Beef Stew and Hamidou: A 1-2 punch that evokes Pistons history stands out in loss to Blazers

Hamidou Diallo
Hamidou Diallo had his second straight dynamic outing for the Pistons, finishing with 19 points and 7 rebounds in 26 minutes off the bench
Chris Schwegler (NBAE/Getty)
by Keith Langlois
Web Editor

Bing and Lanier. Isiah and Joe D. Rip and Chauncey.

The Pistons have had their fair share of potent 1-2 punches over their rich history. Maybe the next dynamic duo is Beef Stew and Hamidou.

That would be Isaiah Stewart and Hamidou Diallo and if their performance can live up to their alliteration, the marketing campaign will write itself. One thing they both possess in abundance – a quality that Pistons fans with any sense of history will adore – is a take-no-prisoners approach from one baseline to the other.

They were part of a Pistons bench unit that scored more than half – 51 of 101 – of the Pistons points in their 124-101 loss to Portland, a game that was a lot closer than the final score. With five minutes to play, it was still a 10-point game.

Ultimately, the Pistons just didn’t have enough firepower to compete with one of the NBA’s most potent offenses on a night they were without Wayne Ellington’s 3-point shot – and on a night Damian Lillard and C.J. McCollum combined to score 37 of their 57 points in the second half, Lillard banking 23 of his 33 after halftime. Jerami Grant scored 30 for the Pistons and Mason Plumlee added 18, but the three other starters combined for two points and Saddiq Bey and Josh Jackson combined to go 0 of 13.

“We couldn’t buy one,” Dwane Casey said after the Pistons shot 9 of 27 from the 3-point line while Portland drained 16 of 30. “We had some good looks and they continue to do it to the rest of the league – 53 percent from three and they’ve got a team full of ’em. You can’t let that deflate you. You’ve got to continue to compete. I thought it deflated us a little when they continued to make them.”

Good luck deflating Stewart and Diallo, though, two guys who go full speed ahead on every possession and are certain to become Detroit folk heroes if this era of Pistons basketball can wake up the echoes of the two championship eras. They play with the type of competitive edge that epitomizes the type of player general manager Troy Weaver seeks and Dwane Casey covets.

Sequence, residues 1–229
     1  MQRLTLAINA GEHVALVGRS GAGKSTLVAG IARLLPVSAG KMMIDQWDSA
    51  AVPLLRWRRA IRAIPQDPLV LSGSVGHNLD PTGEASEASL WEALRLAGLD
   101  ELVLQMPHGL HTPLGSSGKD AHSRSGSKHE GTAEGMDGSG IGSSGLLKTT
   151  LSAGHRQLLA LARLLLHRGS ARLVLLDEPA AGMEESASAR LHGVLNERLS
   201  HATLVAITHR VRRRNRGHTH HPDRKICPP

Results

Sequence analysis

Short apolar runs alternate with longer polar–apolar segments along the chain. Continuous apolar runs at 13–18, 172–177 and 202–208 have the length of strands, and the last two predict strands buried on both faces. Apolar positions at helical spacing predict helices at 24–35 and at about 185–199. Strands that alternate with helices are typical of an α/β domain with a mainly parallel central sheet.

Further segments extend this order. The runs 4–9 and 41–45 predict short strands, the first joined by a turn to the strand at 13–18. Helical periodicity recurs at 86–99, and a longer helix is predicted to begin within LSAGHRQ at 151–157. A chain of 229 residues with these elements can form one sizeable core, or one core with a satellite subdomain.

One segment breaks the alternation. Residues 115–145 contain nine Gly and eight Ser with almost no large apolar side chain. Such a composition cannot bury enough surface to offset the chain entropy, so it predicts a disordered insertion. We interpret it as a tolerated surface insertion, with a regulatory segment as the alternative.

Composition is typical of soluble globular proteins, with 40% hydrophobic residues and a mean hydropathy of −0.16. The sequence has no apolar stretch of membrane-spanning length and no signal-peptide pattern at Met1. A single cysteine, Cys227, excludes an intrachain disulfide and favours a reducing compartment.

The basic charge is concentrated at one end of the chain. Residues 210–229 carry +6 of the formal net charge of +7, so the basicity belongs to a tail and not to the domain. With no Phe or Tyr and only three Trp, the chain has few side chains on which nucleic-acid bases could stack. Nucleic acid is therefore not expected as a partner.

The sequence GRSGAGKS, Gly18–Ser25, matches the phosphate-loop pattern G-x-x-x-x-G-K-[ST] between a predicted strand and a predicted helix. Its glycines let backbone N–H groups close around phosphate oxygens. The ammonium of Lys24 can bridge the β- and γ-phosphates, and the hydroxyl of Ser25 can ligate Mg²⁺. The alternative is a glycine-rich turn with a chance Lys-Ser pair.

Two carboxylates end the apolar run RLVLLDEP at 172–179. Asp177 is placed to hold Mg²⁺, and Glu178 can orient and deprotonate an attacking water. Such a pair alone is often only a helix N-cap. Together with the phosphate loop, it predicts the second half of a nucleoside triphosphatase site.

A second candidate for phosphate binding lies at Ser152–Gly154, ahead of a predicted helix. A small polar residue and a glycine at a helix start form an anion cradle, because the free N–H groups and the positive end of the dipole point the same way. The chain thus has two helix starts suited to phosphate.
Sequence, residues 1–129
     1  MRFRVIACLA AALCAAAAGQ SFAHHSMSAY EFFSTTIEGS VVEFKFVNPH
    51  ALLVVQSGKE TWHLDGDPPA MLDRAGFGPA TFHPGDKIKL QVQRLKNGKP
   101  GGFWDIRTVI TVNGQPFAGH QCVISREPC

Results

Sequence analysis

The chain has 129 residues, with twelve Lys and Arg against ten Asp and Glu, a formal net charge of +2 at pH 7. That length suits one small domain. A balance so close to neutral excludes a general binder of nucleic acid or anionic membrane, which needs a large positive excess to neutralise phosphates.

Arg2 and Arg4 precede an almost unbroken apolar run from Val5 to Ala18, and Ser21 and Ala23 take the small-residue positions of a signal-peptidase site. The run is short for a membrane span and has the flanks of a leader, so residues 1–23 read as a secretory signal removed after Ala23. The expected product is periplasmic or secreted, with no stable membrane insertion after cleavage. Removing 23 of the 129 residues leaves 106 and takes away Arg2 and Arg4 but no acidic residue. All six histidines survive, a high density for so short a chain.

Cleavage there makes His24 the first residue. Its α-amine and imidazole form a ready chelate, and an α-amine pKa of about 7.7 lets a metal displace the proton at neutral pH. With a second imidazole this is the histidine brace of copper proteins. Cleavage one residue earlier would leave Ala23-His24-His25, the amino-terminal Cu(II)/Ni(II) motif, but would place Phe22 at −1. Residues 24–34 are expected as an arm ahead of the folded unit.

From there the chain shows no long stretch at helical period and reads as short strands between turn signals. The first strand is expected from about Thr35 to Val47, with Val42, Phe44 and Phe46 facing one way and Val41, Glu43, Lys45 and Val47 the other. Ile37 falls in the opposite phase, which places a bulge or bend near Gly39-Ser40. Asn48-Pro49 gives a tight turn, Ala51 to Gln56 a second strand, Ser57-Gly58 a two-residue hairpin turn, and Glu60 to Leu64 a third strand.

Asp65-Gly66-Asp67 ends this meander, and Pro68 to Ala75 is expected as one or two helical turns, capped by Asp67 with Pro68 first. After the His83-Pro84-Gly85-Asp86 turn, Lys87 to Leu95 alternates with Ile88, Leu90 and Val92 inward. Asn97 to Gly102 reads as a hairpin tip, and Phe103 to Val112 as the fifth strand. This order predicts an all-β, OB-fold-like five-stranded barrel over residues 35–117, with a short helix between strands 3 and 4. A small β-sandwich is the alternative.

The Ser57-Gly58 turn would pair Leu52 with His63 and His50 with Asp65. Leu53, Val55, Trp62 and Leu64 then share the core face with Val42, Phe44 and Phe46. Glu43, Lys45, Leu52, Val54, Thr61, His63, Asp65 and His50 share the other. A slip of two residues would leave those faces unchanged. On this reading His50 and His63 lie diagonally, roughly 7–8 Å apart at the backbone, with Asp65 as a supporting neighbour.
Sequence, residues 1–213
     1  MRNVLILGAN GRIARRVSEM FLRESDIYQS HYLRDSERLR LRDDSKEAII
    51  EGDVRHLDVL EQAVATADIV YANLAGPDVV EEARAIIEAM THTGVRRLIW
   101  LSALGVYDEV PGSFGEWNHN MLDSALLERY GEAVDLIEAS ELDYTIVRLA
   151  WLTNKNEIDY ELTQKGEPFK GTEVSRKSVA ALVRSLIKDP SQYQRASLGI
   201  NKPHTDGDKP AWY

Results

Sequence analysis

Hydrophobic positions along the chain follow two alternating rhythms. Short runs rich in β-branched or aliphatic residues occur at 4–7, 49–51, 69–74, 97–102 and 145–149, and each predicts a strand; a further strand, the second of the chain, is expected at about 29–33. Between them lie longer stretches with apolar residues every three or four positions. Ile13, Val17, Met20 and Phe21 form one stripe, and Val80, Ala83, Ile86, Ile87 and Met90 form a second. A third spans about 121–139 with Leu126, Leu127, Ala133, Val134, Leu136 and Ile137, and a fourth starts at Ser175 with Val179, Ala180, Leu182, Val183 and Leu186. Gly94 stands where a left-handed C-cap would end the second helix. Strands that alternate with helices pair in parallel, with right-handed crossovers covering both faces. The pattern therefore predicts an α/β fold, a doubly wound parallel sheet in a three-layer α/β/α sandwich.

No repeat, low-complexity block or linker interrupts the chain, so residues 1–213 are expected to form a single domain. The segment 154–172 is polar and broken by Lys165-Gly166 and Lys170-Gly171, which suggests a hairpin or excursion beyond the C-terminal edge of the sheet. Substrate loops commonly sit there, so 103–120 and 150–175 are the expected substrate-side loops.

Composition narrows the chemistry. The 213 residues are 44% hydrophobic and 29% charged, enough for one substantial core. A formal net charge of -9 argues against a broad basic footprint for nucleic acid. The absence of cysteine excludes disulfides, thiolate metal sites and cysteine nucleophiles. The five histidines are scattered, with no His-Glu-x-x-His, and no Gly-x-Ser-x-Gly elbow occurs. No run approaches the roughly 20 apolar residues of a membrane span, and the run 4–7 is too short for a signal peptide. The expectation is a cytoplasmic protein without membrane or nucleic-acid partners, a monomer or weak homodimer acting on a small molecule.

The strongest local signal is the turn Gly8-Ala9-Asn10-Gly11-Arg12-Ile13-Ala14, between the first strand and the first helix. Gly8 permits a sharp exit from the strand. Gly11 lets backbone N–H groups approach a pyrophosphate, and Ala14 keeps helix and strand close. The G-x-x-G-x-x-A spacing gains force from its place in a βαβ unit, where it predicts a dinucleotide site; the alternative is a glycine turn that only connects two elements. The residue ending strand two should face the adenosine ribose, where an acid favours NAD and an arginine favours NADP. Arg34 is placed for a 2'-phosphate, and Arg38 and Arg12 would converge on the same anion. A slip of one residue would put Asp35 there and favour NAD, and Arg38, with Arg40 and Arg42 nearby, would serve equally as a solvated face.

Diallo debuted for the Pistons last Friday after being idled for more than a month with a groin injury and after knocking off that rust he’s been a revelation in his second and third games, scoring 19 each time and averaging 8.5 rebounds. He’s been efficient – he made 7 of 8 shots in the loss to Portland – and he’s flashed the playmaking ability that was put into evidence for the first time in his career at Oklahoma City this season, seeing his assists per 36 minutes go from 1.4 last season to 3.6 this year. He had three against Portland to go with a block and a steal.

“The thing that jumped out to me immediately is when he checked in against Brooklyn and started guarding James (Harden),” Mason Plumlee said. “That’s the thing that to me said, ‘I’m here and this is what I do.’ ”

To be sure, defense is Diallo’s stock in trade. But the offense appears to be flowering – rapidly. He’s been a reluctant 3-point shooter – only 16 percent of his career attempts are triples – but he’s hit 3 of 5 over the last two games.

“He’s attacking the rim. He’s getting into the paint,” Casey said of the 6-foot-5 Diallo, 22. “He’s got a quick first step to get to the rim. He was 2 of 3 from three, but his gift is running the floor, attacking the paint and drawing the defense in and he’s doing a good job of kicking it out. That’s the thing he’s grown in his career – making those types of plays. But his energy level is elite.”

Stewart’s had busier stat lines than Wednesday’s six points and four rebounds in 18 minutes, but he’s ahead of schedule as a 3-point shooter. He made 2 of 4 against Portland and is now 8 of 16 over his last seven games from the arc. Casey hinted at Stewart’s 3-point shooting before it became a thing in games, then tried to tamp down enthusiasm for it for fear the rookie would lose sight of the meat and potatoes of defense, rebounding and screening.

But he had no quibbles with the four triples Stewart launched against the Trail Blazers, saying “he took the right shots. I thought all four of his threes tonight were good shots.”

Plumlee quickly came to admire the 19-year-old’s humility and earnestness and has seen improvements not only in his willingness to shoot from the perimeter but in areas more subtle, too.

“I just think positioning on defense, he’s made huge leaps,” Plumlee said. “His shot is great. Tonight, I would’ve liked to have seen him take a couple more down the stretch and not worry about the misses. His shot is as good as any big I’ve been around. He’s just going to keep getting better the more minutes he gets. He’s got a natural feel for the game. He’s only going to improve, which is encouraging.”

On a night the Pistons didn’t have enough in their arsenal to keep up with a high-powered offense, there was encouragement to be found in a pair of coltish young players who’d have been at home in the old Bad Boys locker room, Beef Stew and Hamidou.


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